The bottom of the infamously dangerous Khumbu ice fall is quite close to our camp, so when I wake up in the morning and open the zipper of my tent I enjoy a spectacular view of the Khumbu ice fall. It's really quite breathtaking, and quite dangerous to move through. We've already been up through the fall twice for acclimatization purposes. The first time we just spent a night at Camp I and returned to base camp the next morning. The second time we spent a night at Camp I and then moved further up the mountain through a valley of glacial snow and ice known as the Western Cym (pronounced "coom") to Camp II, which is situated at the base of the steep Lhotse face. The next morning we retreated all the way back to base camp.
What makes the Khumbu ice fall dangerous? It's a huge jumbled of constantly moving blocks of glacial snow and ice known as seracs. Some of them are the size of buildings, and they can fall on you without warning. Then there are the deep crevasses, most of them bridged by aluminum ladders put in place by a specialized team of Sherpa known as the "Ice Doctors" who are responsible for maintaining the route through the Khumbu ice fall. They stay very busy as the fall is constantly shifting. It is particularly dangerous to be in the fall in the afternoon when the sun is beating down and melting out key structural supports for the larger seracs, so most people try to climb through the fall in the very early morning, but you never know. Things can get crazy at any time. We were barely missed by an avalanche on our second trip through the fall. All you can do is clip in to the nearest, strongest anchor, hide behind the biggest serac in the area, and hope for the best. It was especially unnerving, because we could hear the avalanche before we could see it.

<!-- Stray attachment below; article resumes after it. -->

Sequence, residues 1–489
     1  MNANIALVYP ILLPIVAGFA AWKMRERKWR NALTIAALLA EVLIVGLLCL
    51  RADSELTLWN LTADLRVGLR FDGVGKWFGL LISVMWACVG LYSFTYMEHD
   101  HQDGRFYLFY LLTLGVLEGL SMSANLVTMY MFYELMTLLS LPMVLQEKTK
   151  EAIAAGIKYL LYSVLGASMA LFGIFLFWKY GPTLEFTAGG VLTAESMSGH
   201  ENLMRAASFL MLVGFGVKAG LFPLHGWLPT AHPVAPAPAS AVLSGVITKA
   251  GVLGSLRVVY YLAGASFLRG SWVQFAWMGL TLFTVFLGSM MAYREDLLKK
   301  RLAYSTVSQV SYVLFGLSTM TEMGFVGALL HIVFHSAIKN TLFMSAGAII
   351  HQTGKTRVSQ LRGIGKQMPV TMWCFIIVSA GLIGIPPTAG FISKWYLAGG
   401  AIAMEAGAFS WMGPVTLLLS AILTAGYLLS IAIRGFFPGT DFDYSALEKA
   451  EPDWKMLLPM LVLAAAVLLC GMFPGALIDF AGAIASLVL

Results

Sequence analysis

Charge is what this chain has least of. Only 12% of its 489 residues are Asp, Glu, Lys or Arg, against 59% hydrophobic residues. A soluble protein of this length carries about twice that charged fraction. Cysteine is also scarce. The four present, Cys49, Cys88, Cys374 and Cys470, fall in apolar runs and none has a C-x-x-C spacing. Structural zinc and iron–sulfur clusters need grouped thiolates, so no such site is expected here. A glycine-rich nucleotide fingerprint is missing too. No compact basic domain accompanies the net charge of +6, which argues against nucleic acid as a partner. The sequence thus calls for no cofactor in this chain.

It is Monday here. Early Wednesday morning I'll be joining Team I for our third acclimatization climb up the mountain. We'll spend one night each at Camps I and II, both of which we've been to before, and then push higher up the mountain halfway up the steep Lhotse face to Camp III, which is situated at about 23,000 feet. We'll spend a night there and then the next morning we'll attempt to climb without supplemental oxygen another thousand feet or so to the top of the Yellow Band. Then we'll scurry all the way back down to Camp II, spend the night, and then retreat all the way to base camp the next morning. Following that we'll take about a week to rest and recover, perhaps retreating further down the Khumbu valley to lower altitudes, and then regather at base camp for our summit push.
This has been so much harder than I ever could have imagined. It is taking absolutely everything I've got--physically, mentally, emotionally, spiritually, psychologically--just to cope with the challenges I'm facing. It will be nothing short of a miracle if I actually summit. So many things can and do go wrong, but then miracles do happen, and with the kind thoughts and prayers of so many friends I'm curiously optimistic. Thank you for all of your support. I can sense it.
It is said in some ancient spiritual traditions that the one and only voice of God is silence. That voice is very loud here. It's so deep and profound here you can't help but hear it.